The first networked anonymizer system was Zero Knowledge Systems, which provided a multi-server network design and provided a range of confidentiality features. Although the company closed in the fall of 2001 due to lack of financing, it was influential as an example of the concept's feasibility, and led to the establishment of EFF's Tor a few years later, the only currently known networked anonymizer.
Single-point anonymizers. This type of anonymizer passes your surfing through a single website to protect your identify, and often offers an encrypted communications channel for passage of results back to the user. Single-point anonymizers offer less resistance to sophisticated traffic analysis described above than do networked designs, but they also provide a compensating simplicity, organizational familiarity, and apparent trustworthiness. You can access your favorite anonymizer website, type in your destination, and the anonymizer does your surfing for you and passes the results back to your browser. Many single-point anonymizers create an anonymized URL by appending the name of the site you wish to access to their URL, something like the following:
With single-point anonymizers, your IP address and related identifying information are protected by the arms-length communications and not transferred to the sites you visit. If you are using a secure channel to the anonymizer, as most services offer, then your communications to the anonymizer site are also confidential to any local eavesdroppers tapping your Internet line connection or service provider -- essential if you have reason to suspect a local tap.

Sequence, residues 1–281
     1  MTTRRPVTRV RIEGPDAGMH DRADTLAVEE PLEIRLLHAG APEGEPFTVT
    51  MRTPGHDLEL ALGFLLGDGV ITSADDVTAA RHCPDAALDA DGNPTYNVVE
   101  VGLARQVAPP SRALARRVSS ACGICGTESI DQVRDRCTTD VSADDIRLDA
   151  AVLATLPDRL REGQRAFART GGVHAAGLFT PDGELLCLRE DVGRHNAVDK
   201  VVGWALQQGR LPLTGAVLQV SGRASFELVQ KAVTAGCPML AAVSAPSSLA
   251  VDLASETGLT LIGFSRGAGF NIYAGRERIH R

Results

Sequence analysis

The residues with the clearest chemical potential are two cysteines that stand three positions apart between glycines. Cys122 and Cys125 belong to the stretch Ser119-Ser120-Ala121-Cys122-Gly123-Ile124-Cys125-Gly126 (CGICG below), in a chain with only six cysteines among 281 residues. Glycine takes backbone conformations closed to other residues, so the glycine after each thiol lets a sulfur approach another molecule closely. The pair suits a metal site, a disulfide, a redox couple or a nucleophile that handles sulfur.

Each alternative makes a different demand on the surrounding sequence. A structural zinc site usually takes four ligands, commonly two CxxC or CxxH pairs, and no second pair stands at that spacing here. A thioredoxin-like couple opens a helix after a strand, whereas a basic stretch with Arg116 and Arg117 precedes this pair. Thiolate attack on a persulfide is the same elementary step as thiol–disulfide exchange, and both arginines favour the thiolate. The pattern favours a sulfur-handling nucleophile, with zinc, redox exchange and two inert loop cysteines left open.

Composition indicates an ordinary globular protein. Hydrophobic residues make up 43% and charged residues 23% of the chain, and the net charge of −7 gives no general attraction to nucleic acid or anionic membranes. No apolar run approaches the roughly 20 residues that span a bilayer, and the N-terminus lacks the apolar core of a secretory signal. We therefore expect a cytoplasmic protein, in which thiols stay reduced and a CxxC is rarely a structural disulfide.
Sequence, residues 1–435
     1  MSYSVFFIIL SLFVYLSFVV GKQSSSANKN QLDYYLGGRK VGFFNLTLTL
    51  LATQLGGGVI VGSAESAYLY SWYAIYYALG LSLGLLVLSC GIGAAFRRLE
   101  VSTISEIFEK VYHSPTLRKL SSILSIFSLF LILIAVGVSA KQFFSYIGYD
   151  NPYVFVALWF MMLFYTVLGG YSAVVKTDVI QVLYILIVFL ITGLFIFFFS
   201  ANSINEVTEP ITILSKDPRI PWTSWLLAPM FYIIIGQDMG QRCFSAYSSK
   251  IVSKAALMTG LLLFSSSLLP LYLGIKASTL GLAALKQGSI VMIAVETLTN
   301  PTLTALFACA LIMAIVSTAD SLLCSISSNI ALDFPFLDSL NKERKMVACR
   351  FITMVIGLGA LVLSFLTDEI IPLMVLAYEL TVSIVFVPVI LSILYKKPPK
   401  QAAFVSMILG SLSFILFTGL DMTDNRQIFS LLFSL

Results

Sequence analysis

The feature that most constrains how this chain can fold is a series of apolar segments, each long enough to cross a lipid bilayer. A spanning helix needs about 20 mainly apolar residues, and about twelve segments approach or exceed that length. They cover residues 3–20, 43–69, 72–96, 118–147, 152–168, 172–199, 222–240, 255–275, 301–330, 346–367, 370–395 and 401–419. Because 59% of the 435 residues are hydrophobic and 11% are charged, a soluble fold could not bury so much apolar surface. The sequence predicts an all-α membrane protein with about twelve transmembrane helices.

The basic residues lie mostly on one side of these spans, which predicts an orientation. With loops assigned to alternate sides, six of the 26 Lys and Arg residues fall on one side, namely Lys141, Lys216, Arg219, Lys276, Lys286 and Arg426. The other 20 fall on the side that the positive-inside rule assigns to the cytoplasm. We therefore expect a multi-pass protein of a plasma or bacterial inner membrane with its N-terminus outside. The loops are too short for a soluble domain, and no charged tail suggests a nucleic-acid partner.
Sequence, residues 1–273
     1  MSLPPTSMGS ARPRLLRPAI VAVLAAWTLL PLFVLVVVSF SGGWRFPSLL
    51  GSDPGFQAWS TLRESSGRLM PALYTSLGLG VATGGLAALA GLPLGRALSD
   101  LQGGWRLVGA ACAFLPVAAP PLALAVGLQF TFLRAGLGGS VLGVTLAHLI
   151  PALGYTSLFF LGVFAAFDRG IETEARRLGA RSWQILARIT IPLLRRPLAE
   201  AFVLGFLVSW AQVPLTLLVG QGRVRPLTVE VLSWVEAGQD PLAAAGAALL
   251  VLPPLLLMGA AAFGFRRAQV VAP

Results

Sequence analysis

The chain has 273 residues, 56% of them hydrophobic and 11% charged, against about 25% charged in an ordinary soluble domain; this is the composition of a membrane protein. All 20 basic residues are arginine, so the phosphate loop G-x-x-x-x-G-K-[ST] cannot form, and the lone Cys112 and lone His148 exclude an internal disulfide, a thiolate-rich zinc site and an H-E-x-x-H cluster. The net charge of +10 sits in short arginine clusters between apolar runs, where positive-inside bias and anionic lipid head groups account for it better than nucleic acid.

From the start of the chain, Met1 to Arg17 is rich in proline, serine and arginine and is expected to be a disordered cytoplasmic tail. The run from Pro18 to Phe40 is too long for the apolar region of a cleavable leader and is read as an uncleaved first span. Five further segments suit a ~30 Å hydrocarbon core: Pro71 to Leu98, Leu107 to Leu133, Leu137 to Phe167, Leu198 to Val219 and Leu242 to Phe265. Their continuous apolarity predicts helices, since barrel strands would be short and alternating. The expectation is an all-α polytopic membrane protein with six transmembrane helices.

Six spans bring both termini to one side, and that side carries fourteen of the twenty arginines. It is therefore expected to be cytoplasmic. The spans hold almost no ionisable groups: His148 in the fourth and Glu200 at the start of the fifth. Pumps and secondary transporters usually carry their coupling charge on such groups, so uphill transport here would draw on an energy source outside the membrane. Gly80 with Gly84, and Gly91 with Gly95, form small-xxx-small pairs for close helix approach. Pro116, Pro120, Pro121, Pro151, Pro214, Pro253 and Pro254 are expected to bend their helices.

Common features. Both networked and single-point anonymizers share a range of design features. Most importantly, once you access a web page through an anonymizer, the page is filtered so that all of its links are also anonymized. Therefore, you can just continue to click on links and stay in the anonymizer mode. Most anonymizers can anonymize at least the web (http:), file transfer protocol (ftp:), and gopher (gopher:) Internet services.
There is an overhead with use of anonymizers, and they can add a second or more of delay depending on how busy they are. Some anonymizers keep a local cache of several hundred megabytes of commonly accessed sites to address this problem, and so occasionally you can actually get faster access to a site through the anonymizer. Chaining of anonymizer services is not recommended, since it simply multiplies your risk to confidentiality by the number of services and computers in the chain.
Note that unless you use an encrypted mode to the anonymizer, all your communications are in the clear and can be intercepted anywhere on the way from your computer to the anonymizer. Most anonymizers now offer encrypted communications to solve this problem.